There may be more to it than meets the eye.
When it comes to wine, consumers are confronted with a dizzying array of choices from a vast number of producers, large and small, from all over the world. France alone has more than 85,000 wine growers, either independent vignerons each producing under their own label, or producers that sell their grapes to regional cooperatives such as the 33 that exist in Bordeaux. Moreover, unlike other products, wine brands do not typically advertise to their consumers. This means that, in the absence of specific knowledge, many of us tend to rely solely on the price when it comes to choosing wines. We are also heavily dependent upon the label on the bottle to convey information that we need when we make our choice. This means that a wine’s label is incredibly important to us, as well as to the producers.
While wine labels necessarily convey key information such as the brand or producer, the country and region where it was produced, the vintage (year it was produced), a quality indication such as Grand Cru, and, sometimes, the variety, or varieties, of grapes used, it is also necessary for the label to convey something even more fundamental, and that is the wine’s character, or personality.
In fact, wine producers may have been the very first “brands” in the world. Wine amphorae dating as far back 1500BCE which have been discovered at the bottom of the Aegean Sea were found to carry identification marks which would have distinguished their contents from other products, as well perhaps as other producers.
Today, wine labels need to do much more than communicate specific information. They need to set up the framework for a relationship between the consumer and the producer that will encourage the consumer to select them above all of the dozens (even hundreds) of other bottles that might be available to them at a particular moment in time. That’s quite a task for a medium that is typically just 9cm by 10cm.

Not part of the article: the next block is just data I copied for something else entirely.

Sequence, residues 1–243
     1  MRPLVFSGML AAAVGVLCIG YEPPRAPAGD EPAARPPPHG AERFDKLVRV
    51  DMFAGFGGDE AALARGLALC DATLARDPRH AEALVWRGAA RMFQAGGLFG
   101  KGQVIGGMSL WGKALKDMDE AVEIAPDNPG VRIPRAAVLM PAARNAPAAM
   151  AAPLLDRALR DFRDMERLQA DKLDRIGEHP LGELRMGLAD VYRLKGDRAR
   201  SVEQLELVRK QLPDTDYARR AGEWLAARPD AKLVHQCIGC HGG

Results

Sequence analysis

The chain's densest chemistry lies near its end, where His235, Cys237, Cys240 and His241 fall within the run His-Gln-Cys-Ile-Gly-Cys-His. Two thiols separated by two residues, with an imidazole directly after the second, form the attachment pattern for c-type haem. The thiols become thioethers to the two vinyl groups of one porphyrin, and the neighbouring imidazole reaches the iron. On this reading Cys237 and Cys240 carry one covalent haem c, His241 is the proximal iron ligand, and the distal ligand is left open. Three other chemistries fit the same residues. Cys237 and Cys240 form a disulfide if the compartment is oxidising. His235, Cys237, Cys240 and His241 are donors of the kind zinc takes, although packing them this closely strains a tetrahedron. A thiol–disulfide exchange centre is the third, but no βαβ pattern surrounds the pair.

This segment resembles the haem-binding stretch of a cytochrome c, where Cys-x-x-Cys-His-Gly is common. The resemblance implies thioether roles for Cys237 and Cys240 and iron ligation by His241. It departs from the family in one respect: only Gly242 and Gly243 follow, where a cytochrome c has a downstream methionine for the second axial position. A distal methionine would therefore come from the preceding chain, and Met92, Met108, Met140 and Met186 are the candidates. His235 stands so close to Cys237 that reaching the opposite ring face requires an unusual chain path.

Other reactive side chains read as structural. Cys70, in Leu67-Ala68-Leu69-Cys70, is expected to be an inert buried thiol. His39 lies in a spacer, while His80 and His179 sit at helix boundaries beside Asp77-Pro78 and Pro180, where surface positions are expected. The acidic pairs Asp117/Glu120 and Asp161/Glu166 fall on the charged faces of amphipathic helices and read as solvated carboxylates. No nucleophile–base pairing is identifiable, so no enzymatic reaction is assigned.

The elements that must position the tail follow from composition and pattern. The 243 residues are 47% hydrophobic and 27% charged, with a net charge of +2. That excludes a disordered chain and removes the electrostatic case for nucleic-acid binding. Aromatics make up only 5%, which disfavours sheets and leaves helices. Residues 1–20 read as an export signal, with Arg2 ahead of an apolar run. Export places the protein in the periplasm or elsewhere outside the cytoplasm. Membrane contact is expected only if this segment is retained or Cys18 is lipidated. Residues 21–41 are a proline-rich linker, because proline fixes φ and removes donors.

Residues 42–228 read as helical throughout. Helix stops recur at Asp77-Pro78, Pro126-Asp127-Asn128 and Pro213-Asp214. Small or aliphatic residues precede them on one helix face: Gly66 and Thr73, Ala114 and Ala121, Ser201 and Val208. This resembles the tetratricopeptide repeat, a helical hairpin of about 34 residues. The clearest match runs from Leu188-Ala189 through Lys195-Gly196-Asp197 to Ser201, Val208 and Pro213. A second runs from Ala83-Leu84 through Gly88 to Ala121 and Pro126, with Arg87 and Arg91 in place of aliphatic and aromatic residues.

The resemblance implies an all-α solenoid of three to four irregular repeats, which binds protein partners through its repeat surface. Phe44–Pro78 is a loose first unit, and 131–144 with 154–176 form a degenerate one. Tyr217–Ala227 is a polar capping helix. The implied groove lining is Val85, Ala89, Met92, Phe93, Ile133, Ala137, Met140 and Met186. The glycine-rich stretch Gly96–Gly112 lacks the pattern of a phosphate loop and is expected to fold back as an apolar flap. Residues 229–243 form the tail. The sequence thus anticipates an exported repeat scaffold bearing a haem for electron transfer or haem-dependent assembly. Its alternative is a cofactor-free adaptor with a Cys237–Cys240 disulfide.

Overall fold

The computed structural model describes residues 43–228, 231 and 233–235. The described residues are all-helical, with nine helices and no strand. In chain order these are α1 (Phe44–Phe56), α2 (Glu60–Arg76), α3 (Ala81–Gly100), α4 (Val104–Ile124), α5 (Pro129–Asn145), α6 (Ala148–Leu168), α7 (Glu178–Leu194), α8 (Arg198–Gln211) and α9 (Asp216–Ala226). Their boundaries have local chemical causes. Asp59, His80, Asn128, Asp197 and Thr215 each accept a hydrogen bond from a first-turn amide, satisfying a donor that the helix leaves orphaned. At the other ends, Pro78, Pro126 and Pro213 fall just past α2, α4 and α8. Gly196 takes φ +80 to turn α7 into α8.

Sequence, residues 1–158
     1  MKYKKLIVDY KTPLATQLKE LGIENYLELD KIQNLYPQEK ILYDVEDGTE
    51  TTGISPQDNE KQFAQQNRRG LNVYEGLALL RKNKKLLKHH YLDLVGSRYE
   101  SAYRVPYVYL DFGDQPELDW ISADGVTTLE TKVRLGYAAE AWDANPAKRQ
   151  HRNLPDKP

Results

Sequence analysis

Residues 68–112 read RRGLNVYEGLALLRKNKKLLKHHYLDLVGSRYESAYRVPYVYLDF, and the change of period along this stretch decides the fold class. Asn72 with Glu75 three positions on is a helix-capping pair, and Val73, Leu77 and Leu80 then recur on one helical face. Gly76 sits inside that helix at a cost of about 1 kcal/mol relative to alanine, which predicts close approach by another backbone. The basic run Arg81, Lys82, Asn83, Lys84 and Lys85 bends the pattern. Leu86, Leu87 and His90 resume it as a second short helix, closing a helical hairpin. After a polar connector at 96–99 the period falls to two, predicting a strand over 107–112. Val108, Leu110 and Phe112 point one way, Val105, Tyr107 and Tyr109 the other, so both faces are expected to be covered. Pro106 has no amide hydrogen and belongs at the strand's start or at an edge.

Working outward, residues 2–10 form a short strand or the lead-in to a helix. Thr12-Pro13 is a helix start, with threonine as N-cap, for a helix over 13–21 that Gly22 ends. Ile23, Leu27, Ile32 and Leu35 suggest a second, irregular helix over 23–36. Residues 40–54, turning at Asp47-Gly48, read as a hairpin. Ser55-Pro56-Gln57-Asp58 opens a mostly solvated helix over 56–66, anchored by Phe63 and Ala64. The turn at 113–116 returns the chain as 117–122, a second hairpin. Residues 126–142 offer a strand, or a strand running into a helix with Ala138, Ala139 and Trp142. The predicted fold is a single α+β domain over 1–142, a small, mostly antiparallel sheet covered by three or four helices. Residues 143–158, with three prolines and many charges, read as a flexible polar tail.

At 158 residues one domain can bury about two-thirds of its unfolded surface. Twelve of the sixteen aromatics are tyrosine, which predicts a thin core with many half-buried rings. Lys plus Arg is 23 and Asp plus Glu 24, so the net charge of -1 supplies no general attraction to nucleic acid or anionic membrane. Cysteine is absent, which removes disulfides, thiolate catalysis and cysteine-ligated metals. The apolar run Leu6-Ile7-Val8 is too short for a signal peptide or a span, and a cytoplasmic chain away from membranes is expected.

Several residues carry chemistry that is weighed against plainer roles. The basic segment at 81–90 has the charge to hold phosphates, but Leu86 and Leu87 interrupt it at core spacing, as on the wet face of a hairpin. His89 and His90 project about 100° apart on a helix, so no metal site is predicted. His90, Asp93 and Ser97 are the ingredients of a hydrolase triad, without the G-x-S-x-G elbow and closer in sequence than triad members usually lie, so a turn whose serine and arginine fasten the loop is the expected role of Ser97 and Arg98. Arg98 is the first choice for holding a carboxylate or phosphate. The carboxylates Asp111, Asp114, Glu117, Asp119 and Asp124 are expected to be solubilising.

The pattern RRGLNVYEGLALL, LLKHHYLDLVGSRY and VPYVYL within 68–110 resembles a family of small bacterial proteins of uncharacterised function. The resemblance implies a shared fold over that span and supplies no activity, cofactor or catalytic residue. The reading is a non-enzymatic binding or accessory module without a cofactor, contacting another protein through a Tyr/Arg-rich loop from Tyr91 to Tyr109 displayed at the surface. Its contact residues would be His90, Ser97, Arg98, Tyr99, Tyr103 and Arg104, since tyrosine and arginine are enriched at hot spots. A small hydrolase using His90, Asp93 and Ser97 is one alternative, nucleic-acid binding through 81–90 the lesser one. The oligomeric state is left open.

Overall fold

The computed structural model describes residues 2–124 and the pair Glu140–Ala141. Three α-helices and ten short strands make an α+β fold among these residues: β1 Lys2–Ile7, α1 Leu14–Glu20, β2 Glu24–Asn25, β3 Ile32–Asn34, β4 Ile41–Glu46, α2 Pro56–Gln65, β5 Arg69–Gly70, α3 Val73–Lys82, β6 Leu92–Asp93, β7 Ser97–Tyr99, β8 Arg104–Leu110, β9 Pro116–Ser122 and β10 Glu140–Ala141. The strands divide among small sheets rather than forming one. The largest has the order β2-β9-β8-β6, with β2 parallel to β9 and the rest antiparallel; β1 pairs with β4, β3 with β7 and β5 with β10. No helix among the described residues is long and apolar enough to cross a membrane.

But what wine producers have learned — alongside car, computer and jeans brands — is that people often buy products that reflect their concepts of themselves. “Consumers shop for meaning, not for stuff”, in other words. This presents a huge opportunity for wine producers to paint their brands large on this tiny tableau, and anyone sober enough to pay attention over the last twenty years will have noticed the revolution in wine label design that has come about as markets have expanded and spread across the world.
Helping consumers to understand the flavour of what is contained in the bottle is one way of setting up a relationship that will trigger a purchase. The label can do this in a number of ways, including the colours, graphic elements and even the texture of the label itself. Light, airy shapes, forms and colours might indicate a light, airy white wine, for example. This information is often conveyed without the consumer even being aware that this is happening, or that the questions he is asking (“what am I going to drink with my chicken dinner this evening?”) are being answered. In relation to texture, a heavy label paper would immediately indicate that a wine of quality is to be found within the glass walls of the bottle.
But the producer might want to tell a different story, particularly if they come from legacy wine producing regions such as Bordeaux. These producers, assuming that the consumer is somewhat familiar with the character of their wines, might wish to emphasise their comforting relationships with tradition, culture and the land.
There is so much potential for so much storytelling even on the tiny piece of paper that the typical wine label is made of. So the next time you’re browsing an array of wines, take a moment to check out the designs, the colours, textures and forms, and think about what they’re saying, and why one may be appealing to you more than others. It might help you to choose more consciously the next time.